10 tips for getting back on the road safely

  • Following a big drop in road travel during lockdown people are beginning to use their cars again as restrictions lift
  • Some cars may have been sat unused for longer than ten weeks
  • Here we share tips that you can share with your employees to get them back on the road safely

We recently shared our Risk Insight for organisations on planning for a return to driving during COVID-19. Following the lockdown across the United Kingdom to tackle the spread of the virus, road travel decreased significantly. Now the restrictions are beginning to lift which means that people are returning to their vehicles and the roads. However, with cars having sat unused in some cases for more than ten weeks what needs to be done to ensure that they do so safely?

Here we share ten tips that you can share with your employees to help them get back on the road safely.

1) Make sure the driver is ready and fit to drive.

This has been a real time of stress and uncertainty for many people which can have a big impact on health. Whether it’s sleep deprivation, stress or anxiety all of these can take a toll. Before starting driving again it’s worth your employees taking the time to check they’re feeling well enough to do so and also consider a couple of shorter drives before long-distance journeys.

2) Arrange an MOT (if needed)

In a bid to prevent the spread of COVID-19 the government arranged for MOTs to be extended by six months if they expired on or before 30 March 2020. The full details of what car owners need to do can be found here. It is important to keep the vehicle roadworthy regardless of this extension and your employees may want to look into arranging an MOT when restrictions lift and allow them to do so.

3) Check your car insurance

If your employees had cancelled or suspended their car insurance for the lockdown period they will need to make sure that this is set up again before driving anywhere to ensure that they are covered. It is also worth considering whether or not breakdown cover is currently included as having not been used for a while the chances of a vehicle breaking down may have increased.

4) Make sure there is enough fuel in the vehicle

Before setting off on a journey make sure you have enough fuel to get you there. Often after having not driven for a long time or having only done lots of small journeys it’s easy to have lost track of how much fuel was left.

5) Check the tyres

Tyres are more likely to have lost pressure slightly if a car has been unused for a long period of time. Before setting out or as soon as able to get to a petrol station check the tyre pressure and inflate if necessary. It’s also important to check the tyres for any obvious signs of wear or damage and ensure they meet road legal requirements.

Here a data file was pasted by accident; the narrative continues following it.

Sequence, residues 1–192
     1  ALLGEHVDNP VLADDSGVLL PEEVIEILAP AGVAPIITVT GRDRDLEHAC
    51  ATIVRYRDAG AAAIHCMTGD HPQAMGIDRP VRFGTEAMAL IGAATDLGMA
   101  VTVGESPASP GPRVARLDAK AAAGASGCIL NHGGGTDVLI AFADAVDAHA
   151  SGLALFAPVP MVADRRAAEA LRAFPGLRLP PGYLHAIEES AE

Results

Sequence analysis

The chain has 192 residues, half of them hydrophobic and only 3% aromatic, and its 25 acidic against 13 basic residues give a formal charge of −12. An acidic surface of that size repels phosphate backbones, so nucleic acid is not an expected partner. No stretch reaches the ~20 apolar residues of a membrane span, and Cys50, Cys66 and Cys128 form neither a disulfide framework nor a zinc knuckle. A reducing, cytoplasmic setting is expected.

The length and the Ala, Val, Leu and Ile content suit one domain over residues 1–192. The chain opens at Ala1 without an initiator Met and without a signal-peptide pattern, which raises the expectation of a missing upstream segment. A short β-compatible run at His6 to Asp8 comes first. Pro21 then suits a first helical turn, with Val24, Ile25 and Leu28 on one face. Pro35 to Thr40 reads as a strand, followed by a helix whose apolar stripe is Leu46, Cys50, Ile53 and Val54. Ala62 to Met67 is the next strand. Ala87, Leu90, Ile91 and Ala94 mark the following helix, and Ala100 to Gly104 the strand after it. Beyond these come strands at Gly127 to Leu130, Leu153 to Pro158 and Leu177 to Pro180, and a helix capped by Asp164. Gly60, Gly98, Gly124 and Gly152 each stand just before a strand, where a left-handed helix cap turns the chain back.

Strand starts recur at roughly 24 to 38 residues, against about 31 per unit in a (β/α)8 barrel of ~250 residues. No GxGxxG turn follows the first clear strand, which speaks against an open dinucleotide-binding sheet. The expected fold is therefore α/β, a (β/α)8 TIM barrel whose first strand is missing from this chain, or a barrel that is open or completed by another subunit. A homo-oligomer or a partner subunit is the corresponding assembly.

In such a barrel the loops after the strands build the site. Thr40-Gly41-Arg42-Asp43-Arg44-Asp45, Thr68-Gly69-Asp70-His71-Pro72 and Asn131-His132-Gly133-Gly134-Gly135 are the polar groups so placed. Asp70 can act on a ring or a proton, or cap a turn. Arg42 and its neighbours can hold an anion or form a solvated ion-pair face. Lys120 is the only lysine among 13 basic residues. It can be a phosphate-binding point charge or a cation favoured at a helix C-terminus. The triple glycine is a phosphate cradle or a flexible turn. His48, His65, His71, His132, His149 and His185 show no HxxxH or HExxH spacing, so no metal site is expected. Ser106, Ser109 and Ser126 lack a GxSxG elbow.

6) Check the lights

The lights both front and back should be checked before setting out on a journey – even if it is in daylight. Ensure that front, back, indicator and brake lights are all working effectively.

7) Check oil and water levels

Many new cars will let you know if your oil or water levels are running low, however this is a good opportunity for drivers to check that levels are safe before setting out. The vehicle manual will provide instructions on how to safely do this for the specific model.

8) Take a hand sanitiser with you on your journey or keep one in the car

It’s important to still remain cautious as restrictions begin to be lifted. A good habit to get into is having a hand sanitiser in the car or taking one every time you leave the house. The driver can then clean their hands when getting in and out of the car to prevent spreading the virus onto the inside of their car. It’s important as well to remember this when refuelling; wear gloves if possible, maintain a safe distance and wash or sanitise hands as soon as possible.

9) Be prepared for busier roads

As the country starts to move again we can expect to see many people continuing to avoid public transport, which may lead to busier roads and more bikes or pedestrians. Allow extra time for journeys to avoid any rushing and avoid distractions while driving. 

10) Keep in contact

Before your employee sets out on a journey they should make sure that they have a phone on them and that it is fully charged. If they should run into any difficulties with their car or breakdown they need to be able to get in touch to ask for help. It’s also important at the moment to take the time before a journey to check that the destination is open and has somewhere to park to save any wasted or unnecessary journeys.

 

It is also important to continue listen to Government advice and follow the guidance provided. If you have any questions please get in touch with your usual Zurich contact.